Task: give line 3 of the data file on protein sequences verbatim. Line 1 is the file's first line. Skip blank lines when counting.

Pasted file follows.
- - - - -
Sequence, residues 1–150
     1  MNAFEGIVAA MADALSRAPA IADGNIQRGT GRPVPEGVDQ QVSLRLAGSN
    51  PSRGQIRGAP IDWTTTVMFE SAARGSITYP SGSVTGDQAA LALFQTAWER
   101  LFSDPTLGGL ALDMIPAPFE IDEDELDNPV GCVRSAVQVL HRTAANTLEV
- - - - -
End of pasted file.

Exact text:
    51  PSRGQIRGAP IDWTTTVMFE SAARGSITYP SGSVTGDQAA LALFQTAWER